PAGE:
In probate proceedings, Minnesota law specifies which claims must be paid before MA claims and which claims should be paid afterward. In addition, Minnesota law allows you (as a local agency) to file an MA claim against a decedent’s homestead, whereas most other parties cannot claim against the homestead unless they established “valid charges” on the homestead before the decedent’s death.
a. Priority among all claims in probate
Minnesota law classifies estate claims by type and establishes an order for their payment in probate. This prioritization is necessary only when an estate is “insolvent”; that is, the estate does not have enough assets to pay all probate expenses, including creditors. The prioritized list of estate expenses is found in Minnesota Statutes, section 524.3-805.
MA claims have fourth priority on the list. MA claims are preceded in priority only by the following:
You may not be able to recover on your claim if any of the above expenses are greater than the amount of assets in the estate. However, because MA claims benefit from an expanded definition of “estate,” you may be able to recover from assets that parties collecting on the above expenses cannot recover from. For instance, you may be able to recover against the decedent’s homestead, whereas the homestead exemption may limit other creditors who have priority over an MA claim.
The following expenses are prioritized after an MA claim:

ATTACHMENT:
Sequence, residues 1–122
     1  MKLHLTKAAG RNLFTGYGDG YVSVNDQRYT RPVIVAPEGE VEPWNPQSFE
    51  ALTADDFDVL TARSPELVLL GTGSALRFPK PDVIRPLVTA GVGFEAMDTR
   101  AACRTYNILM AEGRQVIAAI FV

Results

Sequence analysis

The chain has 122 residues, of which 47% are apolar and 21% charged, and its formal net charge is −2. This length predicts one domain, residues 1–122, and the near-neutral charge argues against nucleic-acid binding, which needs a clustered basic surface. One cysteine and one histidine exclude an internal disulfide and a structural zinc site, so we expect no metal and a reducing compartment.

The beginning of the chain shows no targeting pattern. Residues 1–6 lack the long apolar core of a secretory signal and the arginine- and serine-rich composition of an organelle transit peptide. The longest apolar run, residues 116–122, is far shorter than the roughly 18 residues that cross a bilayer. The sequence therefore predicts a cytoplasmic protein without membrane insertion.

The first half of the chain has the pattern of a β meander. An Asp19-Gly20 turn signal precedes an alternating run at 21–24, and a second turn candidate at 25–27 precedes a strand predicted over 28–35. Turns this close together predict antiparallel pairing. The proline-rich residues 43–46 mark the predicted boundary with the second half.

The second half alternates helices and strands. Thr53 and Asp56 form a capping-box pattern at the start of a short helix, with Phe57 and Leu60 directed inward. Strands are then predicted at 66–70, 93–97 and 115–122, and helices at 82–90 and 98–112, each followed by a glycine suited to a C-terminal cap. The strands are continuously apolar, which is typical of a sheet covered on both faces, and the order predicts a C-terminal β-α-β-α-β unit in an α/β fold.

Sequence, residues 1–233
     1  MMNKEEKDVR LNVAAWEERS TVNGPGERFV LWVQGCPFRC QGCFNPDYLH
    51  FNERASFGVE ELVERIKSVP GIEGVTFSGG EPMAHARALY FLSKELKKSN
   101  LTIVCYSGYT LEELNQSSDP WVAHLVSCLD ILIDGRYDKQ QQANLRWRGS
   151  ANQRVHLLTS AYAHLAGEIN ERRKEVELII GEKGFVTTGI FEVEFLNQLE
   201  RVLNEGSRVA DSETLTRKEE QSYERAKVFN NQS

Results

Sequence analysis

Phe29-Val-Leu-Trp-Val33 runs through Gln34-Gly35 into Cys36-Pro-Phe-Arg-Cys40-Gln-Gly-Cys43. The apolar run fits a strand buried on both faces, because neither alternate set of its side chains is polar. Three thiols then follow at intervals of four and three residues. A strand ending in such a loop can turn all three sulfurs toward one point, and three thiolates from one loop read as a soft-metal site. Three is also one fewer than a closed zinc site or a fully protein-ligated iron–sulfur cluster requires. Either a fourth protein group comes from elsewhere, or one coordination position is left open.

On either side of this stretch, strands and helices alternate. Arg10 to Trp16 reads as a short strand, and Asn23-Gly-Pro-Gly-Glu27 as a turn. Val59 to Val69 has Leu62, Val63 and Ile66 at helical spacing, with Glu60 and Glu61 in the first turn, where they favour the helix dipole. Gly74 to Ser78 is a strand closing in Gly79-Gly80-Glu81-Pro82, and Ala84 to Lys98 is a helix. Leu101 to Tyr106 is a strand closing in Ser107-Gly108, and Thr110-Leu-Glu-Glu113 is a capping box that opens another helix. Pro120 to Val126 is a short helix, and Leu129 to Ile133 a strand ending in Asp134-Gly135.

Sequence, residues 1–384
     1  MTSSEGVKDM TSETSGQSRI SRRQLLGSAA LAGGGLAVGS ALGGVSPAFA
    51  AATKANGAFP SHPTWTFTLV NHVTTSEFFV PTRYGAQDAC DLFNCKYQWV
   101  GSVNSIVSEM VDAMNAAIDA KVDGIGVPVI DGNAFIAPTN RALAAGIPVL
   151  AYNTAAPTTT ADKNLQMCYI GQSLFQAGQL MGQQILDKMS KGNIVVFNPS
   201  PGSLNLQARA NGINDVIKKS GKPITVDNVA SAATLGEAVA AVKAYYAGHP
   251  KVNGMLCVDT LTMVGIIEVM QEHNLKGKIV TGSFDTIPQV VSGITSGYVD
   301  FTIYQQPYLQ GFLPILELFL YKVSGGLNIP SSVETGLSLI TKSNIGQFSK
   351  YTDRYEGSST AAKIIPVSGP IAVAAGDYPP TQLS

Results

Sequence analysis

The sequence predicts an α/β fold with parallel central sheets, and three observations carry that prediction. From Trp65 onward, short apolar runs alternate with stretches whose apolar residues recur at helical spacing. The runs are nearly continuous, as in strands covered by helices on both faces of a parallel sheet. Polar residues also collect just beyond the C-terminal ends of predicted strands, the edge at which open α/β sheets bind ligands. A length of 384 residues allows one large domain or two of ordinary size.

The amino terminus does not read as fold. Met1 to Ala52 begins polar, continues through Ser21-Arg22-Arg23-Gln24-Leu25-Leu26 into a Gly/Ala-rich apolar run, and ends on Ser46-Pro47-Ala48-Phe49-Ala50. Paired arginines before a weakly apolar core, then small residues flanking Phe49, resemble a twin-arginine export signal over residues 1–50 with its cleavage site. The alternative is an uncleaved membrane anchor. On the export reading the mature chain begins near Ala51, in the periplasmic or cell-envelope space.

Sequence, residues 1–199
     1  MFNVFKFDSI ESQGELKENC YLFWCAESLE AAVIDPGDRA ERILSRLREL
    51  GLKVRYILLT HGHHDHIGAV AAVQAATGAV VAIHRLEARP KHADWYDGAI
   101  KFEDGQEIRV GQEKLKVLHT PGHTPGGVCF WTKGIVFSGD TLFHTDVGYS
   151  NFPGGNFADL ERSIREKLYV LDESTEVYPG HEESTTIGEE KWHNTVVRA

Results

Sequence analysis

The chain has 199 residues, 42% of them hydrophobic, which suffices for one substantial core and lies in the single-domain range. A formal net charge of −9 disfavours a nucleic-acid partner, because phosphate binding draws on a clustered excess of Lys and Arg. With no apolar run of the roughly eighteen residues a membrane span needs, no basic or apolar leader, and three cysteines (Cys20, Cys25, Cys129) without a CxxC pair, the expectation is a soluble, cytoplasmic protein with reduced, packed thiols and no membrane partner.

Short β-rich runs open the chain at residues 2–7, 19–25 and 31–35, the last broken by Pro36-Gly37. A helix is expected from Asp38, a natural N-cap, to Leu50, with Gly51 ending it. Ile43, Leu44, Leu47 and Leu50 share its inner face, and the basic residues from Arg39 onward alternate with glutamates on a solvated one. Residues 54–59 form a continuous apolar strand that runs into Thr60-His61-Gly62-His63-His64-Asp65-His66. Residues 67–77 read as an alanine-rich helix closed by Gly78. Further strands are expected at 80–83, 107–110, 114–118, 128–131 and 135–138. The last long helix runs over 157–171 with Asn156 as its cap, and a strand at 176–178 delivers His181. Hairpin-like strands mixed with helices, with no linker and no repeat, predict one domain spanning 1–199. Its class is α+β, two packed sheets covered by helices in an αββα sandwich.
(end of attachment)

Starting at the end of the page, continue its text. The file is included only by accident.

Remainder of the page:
If an estate has enough assets to pay all expenses, including all valid claims made by creditors, then the estate is “solvent” and the above prioritization is unnecessary.
b. Priority to a decedent’s homestead assets
If the homestead passes by descent or will to the spouse or decedent's descendants or to a trustee of a trust of which the spouse or the decedent's descendants are the sole current beneficiaries, it is exempt from all debts that were not valid charges on it at the time of the decedent's death except that the homestead is subject to a claim filed pursuant to Minnesota Statutes, section 246.53, for state hospital care, or section 256B.15, for MA benefits. See Minnesota Statutes, section 524.2-402, paragraph (c).
Because MA claims do not fall under this “homestead exemption,” if a family member is administering the estate and requesting excessive administrative expenses, you can use your MA claim’s unique priority to homestead assets to negotiate.
Note: The homestead exemption discussed in this section is different from the homestead exclusion noted earlier in this guide. The homestead exemption limits most estate creditors from claiming against a decedent’s homestead if the creditor did not have a “valid charge” on the homestead before the decedent’s death.